My books can be purchased as e-books for only $1.99. If interested, just click here: Books.
Match Play is a golf/suspense novel. Dust of Autumn is a bloody one set in upstate New York. Prairie View is set in South Dakota, with a final scene atop Rattlesnake Butte. Life in the Arbor is a children's book about Rollie Rabbit and his friends (on about a fourth grade level). The Black Widow involves an elaborate extortion scheme. Doggy-Dog World is my memoir. And ES3 is a description of my method for examining English sentence structure.
In case anyone is interested in any of my past posts, an archive list can be found at the bottom of this page.
My newest novel, Happy Valley, can be found here.

Wednesday, September 3

Begin Again

I’m a fickle lover of film and the ladies who inhabit the film world. As I’ve said fairly often in this blog, I fall in and out of love with actresses over and over, going all the way back to Liz Taylor when she and I were young and the world loomed ahead of us, and Gene Tierney in Laura, and on to Julia Roberts and Scarlett Johannson. Odd that I never fell in love with Debbie Reynolds, Marilyn Monroe, Judy Garland, or Shirley MacLaine. Debbie was just too feistily energetic for me; Marilyn was lovely enough for me to have a copy of that famous nude picture when I was in Korea but not enough to win my heart; Judy portrayed my early fictional love, Dorothy in the Oz series, but she just wasn’t my type; and Shirley had too many freckles. See how fickle I am? We went to see Begin Again, and again I fell in love, this time with Keira Knightly. I first saw her in Pride and Prejudice in 2005 and tipped seriously to the left. Her beauty is so unique, with that uniquely funny little smile and crinkly nose. And I was smitten. But then I didn’t see her in any of her films for almost a decade, and my initial attraction vanished. Until Begin Again. Seriously smitten this time. Gretta (Keira) and her lover/boyfriend Dave Kohl (Adam Levine) have just returned to New York after Kohl has won international fame for his singing and songs (most of which were written by Gretta). He’s there to promote a new album, and she’s just along for the ride, a ride which gets seriously bumped when she finds out he’s now in love with an assistant at the record company. She plans to return to England as soon as possible, but runs into an old buddy from back home who lets her stay with him until she leaves. And then she runs into Dan (Mark Ruffalo), a down-on-his-luck musical agent/promoter who’s just lost his job, drinks like a fish, is pretty much broke, drives a Porsche that had seen better days, has an ex-wife Miriam (Catherine Keener) and daughter Violet (Hailey Steinfeld) who don’t much care for him.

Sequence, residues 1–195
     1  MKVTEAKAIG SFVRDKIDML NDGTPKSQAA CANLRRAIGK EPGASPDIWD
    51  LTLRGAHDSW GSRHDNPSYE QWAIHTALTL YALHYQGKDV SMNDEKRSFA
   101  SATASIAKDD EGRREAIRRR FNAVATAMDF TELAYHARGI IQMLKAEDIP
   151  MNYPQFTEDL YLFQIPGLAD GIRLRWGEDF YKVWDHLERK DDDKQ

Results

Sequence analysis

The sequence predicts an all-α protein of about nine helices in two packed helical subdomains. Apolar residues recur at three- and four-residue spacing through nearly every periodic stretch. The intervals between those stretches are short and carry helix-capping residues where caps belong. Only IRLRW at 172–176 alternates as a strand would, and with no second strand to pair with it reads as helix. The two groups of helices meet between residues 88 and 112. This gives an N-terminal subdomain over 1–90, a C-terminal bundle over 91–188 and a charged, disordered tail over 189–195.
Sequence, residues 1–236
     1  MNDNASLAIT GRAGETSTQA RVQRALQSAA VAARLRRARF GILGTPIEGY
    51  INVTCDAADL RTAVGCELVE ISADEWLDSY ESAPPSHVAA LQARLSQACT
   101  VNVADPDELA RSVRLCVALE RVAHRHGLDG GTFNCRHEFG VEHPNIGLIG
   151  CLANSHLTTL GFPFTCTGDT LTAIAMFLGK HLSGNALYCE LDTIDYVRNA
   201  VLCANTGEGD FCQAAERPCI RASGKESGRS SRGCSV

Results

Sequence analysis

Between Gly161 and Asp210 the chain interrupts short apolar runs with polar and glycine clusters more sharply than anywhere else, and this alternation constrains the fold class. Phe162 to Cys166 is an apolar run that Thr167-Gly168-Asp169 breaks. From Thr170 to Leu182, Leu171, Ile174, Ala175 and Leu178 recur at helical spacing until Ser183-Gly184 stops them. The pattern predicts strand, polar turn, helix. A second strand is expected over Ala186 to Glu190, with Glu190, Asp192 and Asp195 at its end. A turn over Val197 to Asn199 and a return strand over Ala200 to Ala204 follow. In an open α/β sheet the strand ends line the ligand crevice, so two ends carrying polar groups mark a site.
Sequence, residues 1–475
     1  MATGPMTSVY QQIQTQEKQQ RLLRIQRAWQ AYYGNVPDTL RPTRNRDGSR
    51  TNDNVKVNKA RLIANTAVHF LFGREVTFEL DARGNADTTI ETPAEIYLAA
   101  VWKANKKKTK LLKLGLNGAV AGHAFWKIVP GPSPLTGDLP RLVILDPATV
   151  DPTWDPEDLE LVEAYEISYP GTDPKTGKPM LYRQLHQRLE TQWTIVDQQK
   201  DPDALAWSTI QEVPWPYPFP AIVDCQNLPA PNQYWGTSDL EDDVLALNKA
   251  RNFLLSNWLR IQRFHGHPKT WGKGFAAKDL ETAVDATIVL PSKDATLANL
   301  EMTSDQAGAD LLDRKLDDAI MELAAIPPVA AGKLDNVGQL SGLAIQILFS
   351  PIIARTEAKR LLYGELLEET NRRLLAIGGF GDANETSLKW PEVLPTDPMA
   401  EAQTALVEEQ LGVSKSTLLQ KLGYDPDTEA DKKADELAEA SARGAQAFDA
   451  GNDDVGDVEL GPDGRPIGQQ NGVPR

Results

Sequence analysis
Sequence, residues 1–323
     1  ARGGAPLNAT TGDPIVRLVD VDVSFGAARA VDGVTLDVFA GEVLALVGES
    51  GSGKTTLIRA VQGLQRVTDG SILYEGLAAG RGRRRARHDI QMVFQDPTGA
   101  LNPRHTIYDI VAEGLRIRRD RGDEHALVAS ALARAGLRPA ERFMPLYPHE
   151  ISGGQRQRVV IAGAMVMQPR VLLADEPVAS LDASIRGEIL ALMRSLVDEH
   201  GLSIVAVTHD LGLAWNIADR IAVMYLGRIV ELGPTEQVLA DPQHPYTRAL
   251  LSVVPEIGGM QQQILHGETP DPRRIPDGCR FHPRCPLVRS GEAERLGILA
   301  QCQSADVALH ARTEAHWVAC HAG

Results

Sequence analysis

In a sleazy performance bar, he hears Gretta reluctantly singing one of her songs at the insistence of her English buddy. The bar crowd ignores her, but Dan is enraptured, hearing in her performance the new voice/song writer he needs to carry him back to the top (or at least up a step or two) of the music business. And there you have it. A fairly predictable plot, but a really great way to spend an afternoon listening to songs, the lyrics of which actually make sense set to lovely music instead of repetitive howling or rapping. Mark Ruffalo is excellent as the rough-on-the-edges promoter, a role he seems to excel at. Keira Knightly, thank heavens, decided (or maybe the director decided for her) not to lip-synch to someone else’s vocals, instead doing a very serviceable Norah Jonesish job on three or four songs. Adam Levine, in his first film role, surprised me with his voice. I knew him only from the few times we watched him as judge on The Voice. His version of “Lost Stars” at the end of the movie renewed my faith in modern music and modern singers. Then there’s my love for Keira.
In Pride and Prejudice, she was as beautiful as makeup artists can create beauty, and in Begin Again, she was just plain Keira, warts and all (a nod to Oliver Cromwell), and I and a bunch of other male viewers fell in love with the interior Keira and not just the exterior Keira. Go see this movie, and in a time when there isn’t all that much to feel good about, you’ll feel good for a long time. And you might even fall in love with her just as I did.
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